This is actually a fascinating/intellectual/political video on several levels. Like...
Might I suggest you give this a read then:This is actually a fascinating/intellectual/political video on several levels. Like...
We all know this male model is actually black, but due to genetics/lack of melanin he turned out whiter than white.
And then, we all (hopefully) are also aware the peoples of eastern Asia who are apparently worshiping him in this vid are very fond of whiter than white skin - why is that?
And last, but not least, what does the Eiffel Tower have to do with any of this? Is there a specific white French symbolism that goes with the Eiffel Tower?
I think this is a great vid, even at my old age it makes me think.
Very progressive, even for them. They've been building towards this kind of epic concept album for a while now.Tool's new album is on the repeat for the weekend. Very crisp production.
If I have to be brutally honest, I cannot see a development in their sound since Lateralus.Very progressive, even for them. They've been building towards this kind of epic concept album for a while now.
Strangely they have been slightly critical of the audio engineering on the record (done by guitarist Adam Jones). Maynard even went as far as to say it sounds great for 8 years ago...
Fair enough.If I have to be brutally honest, I cannot see a development in their sound since Lateralus.
Ænima is easily the most distinct record they have put out. With its fusion of industrial and tribal sounds, not to mention the Jungian inspired lyrics about breaking free from your 'shadow', it still remains one of those records that is just so unique that nothing sounds like it. Along with Ænima, I also think that Lateralus was fairly groundbreaking at its release, even if the Fibonacci-structure of the title track is borderline-gimmicky at times. Since 2001, the sound of Lateralus has become so emulated by modern prog-metal bands (and Tool, themselves, with their two latest albums) that it is not as distinct any more, but that is maybe just a testimony of the progressiveness of the album - the fact that it almost spun off an entire genre.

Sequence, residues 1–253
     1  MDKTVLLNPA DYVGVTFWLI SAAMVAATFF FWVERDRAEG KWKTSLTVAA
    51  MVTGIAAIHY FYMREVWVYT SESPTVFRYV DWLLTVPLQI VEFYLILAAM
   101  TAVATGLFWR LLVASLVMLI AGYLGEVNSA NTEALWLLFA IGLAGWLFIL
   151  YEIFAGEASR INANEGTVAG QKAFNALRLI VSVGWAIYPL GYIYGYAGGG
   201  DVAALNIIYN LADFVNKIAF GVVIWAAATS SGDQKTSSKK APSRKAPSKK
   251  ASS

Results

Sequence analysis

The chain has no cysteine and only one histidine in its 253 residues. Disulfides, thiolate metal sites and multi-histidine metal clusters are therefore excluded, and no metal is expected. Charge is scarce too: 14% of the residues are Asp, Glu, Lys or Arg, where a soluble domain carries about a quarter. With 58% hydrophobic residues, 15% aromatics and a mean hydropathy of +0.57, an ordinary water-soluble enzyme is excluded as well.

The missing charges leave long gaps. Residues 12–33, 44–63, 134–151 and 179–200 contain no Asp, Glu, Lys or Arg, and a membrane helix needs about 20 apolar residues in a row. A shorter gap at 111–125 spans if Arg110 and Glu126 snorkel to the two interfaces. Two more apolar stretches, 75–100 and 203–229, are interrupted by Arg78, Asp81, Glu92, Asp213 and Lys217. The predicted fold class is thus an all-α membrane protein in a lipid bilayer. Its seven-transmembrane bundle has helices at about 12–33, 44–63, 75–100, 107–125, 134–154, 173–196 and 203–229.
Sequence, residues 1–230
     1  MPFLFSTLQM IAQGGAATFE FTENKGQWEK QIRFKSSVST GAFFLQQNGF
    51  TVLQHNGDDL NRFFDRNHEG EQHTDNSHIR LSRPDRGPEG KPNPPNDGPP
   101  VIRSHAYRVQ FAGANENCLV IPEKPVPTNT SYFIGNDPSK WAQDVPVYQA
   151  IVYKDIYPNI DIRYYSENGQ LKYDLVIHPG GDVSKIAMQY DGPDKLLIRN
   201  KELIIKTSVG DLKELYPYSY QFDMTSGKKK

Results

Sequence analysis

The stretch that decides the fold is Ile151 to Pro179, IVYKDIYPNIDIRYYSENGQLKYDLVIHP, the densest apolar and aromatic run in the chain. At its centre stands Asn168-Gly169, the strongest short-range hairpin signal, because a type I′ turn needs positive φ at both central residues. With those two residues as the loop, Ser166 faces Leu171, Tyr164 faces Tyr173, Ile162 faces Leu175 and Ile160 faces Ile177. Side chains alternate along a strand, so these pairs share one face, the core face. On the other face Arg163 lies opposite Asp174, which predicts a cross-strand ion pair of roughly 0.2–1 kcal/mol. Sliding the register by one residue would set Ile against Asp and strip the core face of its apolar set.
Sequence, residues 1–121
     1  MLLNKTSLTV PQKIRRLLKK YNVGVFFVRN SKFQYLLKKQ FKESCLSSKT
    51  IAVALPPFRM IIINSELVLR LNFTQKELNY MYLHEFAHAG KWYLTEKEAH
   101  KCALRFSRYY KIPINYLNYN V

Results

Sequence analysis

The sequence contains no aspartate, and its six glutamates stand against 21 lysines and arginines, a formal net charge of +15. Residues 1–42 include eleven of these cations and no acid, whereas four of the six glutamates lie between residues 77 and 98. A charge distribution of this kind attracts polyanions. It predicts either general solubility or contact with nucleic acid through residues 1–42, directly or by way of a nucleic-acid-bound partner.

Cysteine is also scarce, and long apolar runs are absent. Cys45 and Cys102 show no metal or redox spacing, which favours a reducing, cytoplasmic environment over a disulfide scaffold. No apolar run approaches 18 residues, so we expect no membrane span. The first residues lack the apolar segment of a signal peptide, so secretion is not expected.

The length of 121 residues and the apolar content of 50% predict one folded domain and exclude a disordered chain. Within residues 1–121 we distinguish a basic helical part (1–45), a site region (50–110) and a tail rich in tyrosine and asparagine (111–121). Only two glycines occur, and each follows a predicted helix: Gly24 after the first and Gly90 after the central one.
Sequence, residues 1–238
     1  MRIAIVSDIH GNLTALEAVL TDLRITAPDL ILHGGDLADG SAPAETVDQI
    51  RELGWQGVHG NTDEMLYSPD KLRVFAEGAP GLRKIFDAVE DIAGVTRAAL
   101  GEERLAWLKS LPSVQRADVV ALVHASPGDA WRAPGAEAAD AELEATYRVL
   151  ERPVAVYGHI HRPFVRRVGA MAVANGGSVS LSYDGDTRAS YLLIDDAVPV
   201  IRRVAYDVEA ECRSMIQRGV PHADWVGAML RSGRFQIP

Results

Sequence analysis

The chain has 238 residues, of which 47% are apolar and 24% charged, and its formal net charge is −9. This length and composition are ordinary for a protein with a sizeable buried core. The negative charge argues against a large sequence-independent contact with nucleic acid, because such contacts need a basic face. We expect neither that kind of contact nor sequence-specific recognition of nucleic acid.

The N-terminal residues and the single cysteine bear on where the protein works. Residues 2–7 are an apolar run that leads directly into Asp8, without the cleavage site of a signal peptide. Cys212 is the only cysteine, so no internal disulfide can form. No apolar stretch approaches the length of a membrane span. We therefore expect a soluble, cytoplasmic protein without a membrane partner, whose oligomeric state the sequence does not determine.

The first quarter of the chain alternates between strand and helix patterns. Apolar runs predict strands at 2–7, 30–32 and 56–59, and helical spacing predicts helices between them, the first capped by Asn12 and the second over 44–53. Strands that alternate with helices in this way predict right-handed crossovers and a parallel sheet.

Honestly, I think that the new album Fear Inoculum is a sonic masterpiece (as is Lateralus), but the songwriting just cannot match that of the two above-mentioned albums. It is still better than 10.000 Days, but that does not say too much, because 10.000 Days also lacks in conceptual direction, songwriting and sound quality compared to Ænima and Lateralus. In my own personal opinion of the albums, Fear Inoculum probably sits somewhere between 10.000 Days and Undertow (Undertow, which, by the way, is at the exact opposite end of the scale - raw and agressive compared to the polished and reflective sounds/melodies of Tool's newer albums).
Maybe I just don't get the concept behind Fear Inoculum, but for songwriting alone, it leaves me somewhat cold. Maybe it just takes more time to grow on me.
I am not really sure what you are referring to. Is it the length and shifts of a song that determines whether it is "composed" or "written"? In that case, I can see what you mean, but I don´t think compositions are more progressive, necessarily.Fair enough.
TBH I've always felt that Fear Inoculum, and at times 10,000 Days were more "composed" than "written", if that makes any sense. Aenima has it's appeal because it has songs, while the last two albums are dominated by compositions IMO and this makes them a more aquired taste.
Sort of, but I'm thinking more in terms of a soundscape than a typical anthemic rock song. Like an orchestral arrangement but with a prog rock band.I am not really sure what you are referring to. Is it the length and shifts of a song that determines whether it is "composed" or "written"? In that case, I can see what you mean, but I don´t think compositions are more progressive, necessarily.
That makes sense. But for soundscape I prefer Lateralus over Fear Inoculuim. I think that soundscape is the sole area where Lateralus is "better" than Aenima, although I'd probably also argue that the claustrophic - and occasionally aggressive - sound of Aenima makes more sense considering the inward-looking theme of self-development.Sort of, but I'm thinking more in terms of a soundscape than a typical anthemic rock song. Like an orchestral arrangement but with a prog rock band.
I do agree that compositions aren't necessarily more progressive. Take the likes of Yngwe Malmsteen or Joe Satriani - some great stuff, but hardly cutting edge when compared to say Steve Vai or Devin Townsend